Screening for problematic prescription opioid use.

Department of Psychiatry, University of Texas Southwestern Medical Center at Dallas, 75390, USA.
Clinical Journal of Pain (Impact Factor: 2.7). 10/2001; 17(3):220-8. DOI: 10.1097/00002508-200109000-00006
Source: PubMed

ABSTRACT The proper medicinal use of opioids, in light of their notorious history and current relation to social ills, continues to be debated and remains unclear in several areas of medicine. This article will review several areas and points of controversy related to screening for potential problematic opioid behavior in chronic nonmalignant pain patients. Controversy over the prescription of opioids for chronic nonmalignant pain continues, despite the growing acceptance of this practice. Indeed, past research supports the beneficial use of opioids for noncancer pain. Unfortunately, traditional definitions of abuse and dependence, with their emphasis on tolerance and withdrawal, are inappropriate for chronic pain patients prescribed opioids. The component of traditional definitions of abuse and dependence that appears most applicable to chronic pain patients centers on the criterion that the patient continue to take the drug (in this case, the opioid) despite negative and harmful effects or despite any decrease in pain level. Although clinical observations exist about risk factors for opioid misuse in chronic pain patients, there is limited research. Further, the area of prescreening for problematic drug behavior is in its infancy. However, researchers have begun to delve into this challenging area and the application of rigorous empirical research will bring us closer to identifying those patients at risk so that their pain is managed without destructive outcomes in other areas of their life.

  • [Show abstract] [Hide abstract]
    ABSTRACT: The growing social problem of drug abuse has increased the likelihood that anesthesiologists will find acute or chronic drug users among patients requiring anesthesia for elective or emergency surgery. We must therefore be aware of the effects drugs have on the organism and their possible pharmacokinetic and pharmacodynamic interactions with anesthetic agents in order to prevent complications during surgery and postoperative recovery. Such knowledge is required for the management of abstinence syndrome or overdose, which pose the greatest potential dangers for the hospitalized drug addict.
    Revista espanola de anestesiologia y reanimacion 01/2011; 58(2):97-109. DOI:10.1016/S0034-9356(11)70008-1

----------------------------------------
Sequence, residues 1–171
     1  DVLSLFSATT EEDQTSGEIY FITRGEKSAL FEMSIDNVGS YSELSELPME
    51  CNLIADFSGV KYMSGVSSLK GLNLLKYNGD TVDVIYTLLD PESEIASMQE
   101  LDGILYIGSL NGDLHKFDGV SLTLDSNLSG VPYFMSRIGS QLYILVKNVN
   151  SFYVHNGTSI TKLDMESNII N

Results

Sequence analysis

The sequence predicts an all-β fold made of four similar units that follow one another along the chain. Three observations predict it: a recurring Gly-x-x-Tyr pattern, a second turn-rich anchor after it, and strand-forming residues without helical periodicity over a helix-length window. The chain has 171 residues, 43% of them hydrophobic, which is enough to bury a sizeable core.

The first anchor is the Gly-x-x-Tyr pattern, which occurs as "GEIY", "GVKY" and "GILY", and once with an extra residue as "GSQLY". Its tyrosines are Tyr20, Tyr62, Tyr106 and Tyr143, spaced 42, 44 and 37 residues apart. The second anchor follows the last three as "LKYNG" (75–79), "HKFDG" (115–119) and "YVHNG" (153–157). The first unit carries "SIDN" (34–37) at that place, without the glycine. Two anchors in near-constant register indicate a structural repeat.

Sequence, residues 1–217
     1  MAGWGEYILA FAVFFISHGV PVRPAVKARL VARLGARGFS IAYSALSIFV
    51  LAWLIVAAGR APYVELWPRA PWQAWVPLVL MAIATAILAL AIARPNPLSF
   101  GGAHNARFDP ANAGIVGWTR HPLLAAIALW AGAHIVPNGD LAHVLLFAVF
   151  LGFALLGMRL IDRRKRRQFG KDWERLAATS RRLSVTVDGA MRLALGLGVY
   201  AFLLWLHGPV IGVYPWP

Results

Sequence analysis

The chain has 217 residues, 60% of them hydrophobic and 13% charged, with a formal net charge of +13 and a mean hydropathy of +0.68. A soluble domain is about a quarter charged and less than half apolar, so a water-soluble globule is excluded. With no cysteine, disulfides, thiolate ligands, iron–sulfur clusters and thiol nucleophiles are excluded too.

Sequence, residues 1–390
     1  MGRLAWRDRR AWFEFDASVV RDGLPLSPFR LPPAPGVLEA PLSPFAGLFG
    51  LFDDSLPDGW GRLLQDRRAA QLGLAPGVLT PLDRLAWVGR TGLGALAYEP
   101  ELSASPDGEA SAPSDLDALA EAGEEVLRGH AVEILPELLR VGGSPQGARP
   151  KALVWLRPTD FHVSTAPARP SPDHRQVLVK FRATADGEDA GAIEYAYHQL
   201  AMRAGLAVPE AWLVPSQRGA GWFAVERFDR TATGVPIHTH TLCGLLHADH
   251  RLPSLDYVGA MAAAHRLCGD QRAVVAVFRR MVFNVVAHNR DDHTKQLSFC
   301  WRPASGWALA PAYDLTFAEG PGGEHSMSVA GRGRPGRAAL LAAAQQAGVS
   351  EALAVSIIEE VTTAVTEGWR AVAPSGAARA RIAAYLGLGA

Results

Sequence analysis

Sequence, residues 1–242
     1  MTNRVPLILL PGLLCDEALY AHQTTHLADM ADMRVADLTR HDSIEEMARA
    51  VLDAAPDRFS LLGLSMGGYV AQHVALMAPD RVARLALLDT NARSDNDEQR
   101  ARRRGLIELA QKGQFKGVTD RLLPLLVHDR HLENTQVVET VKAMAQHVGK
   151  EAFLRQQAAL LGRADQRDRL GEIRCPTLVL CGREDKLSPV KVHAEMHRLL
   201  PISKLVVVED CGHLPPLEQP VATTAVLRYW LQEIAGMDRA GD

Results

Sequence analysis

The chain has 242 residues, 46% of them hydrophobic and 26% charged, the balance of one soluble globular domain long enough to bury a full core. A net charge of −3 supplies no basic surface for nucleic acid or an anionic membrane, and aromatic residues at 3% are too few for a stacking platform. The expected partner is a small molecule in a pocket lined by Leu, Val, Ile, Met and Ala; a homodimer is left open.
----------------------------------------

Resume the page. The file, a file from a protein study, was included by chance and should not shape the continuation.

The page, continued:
• Source
  • [Show abstract] [Hide abstract]
    ABSTRACT: BACKGROUND.: Opioids are recognized as an integral part of the armamentarium in the management of cancer pain. There has been a growing awareness of the misuse of prescription opioids among cancer patients. More research is needed to detail risk factors and incidence for opioid misuse among cancer pain patients. METHODS.: We reviewed 522 patient charts that were seen in our Pain Center from January 1, 2009 to June 30, 2009 for risk stratification of opioid misuse with demographic and clinical factors utilizing the Screener and Opioid Assessment for Patients with Pain-short form (SOAPP-SF). Group differences based on High (≥4) and Low (<4) SOAPP-SF scores were evaluated at initial visit, follow-up within a month and 6-9 months. RESULTS.: One hundred forty-nine of the 522 (29%) patients had a SOAPP-SF score of ≥4. The mean age for patients with high SOAPP-SF score (≥4) was 50 ± 14 vs 56 ± 14 for patients with low SOAPP-SF score (<4) (P < 0.0001). The pain scores were higher for patients with high SOAPP-SF score compared with patients with low SOAPP-SF score at consult (P < 0.0001). Morphine equivalent daily dose (MEDD) was higher for patients with high SOAPP-SF score compared with patients with low SOAPP-SF score at consult (P = 0.0461). Fatigue, feeling of well-being, and poor appetite were higher among the high SOAPP-SF group at initial visit (P < 0.0001, <0.0001, <0.0149, respectively). The high SOAPP-SF score patients also had statistically significant (P < 0.05) higher anxiety and depression scores at all three time points. In the multivariate analysis, patients younger than 55 years have a higher odds of having a "high" SOAPP-SF score than patients 55 years and older {odds ratio (OR) (95% confidence interval [CI]) = 2.76 (1.58, 4.81), P = 0.0003} adjusting for employment status, disease status, treatment status, usual pain score, and morphine equivalency at consult. Patients with higher usual pain score at consult have higher odds of a "high" SOAPP-SF score (OR [95% CI] = 1.34 [1.19, 1.51], P < 0.0001) adjusting for age, employment status, disease status, treatment status, and morphine equivalency at consult. CONCLUSION.: Patients classified by the SOAPP-SF in the current study as high risk tended to be younger, endorse more pain, have higher MEDD requirement, and endorse more symptoms of depression and anxiety. These findings are consistent with the literature on risk factors of opioid abuse in chronic pain patients which suggests that certain patient characteristics such as younger age, anxiety, and depression symptomatology are associated with greater risk for opioid misuse. However, a limitation of the current study is that other measures of opioid abuse were not available for validation and comparison with the SOAPP-SF.
    Pain Medicine 04/2013; 14(5). DOI:10.1111/pme.12100 · 2.24 Impact Factor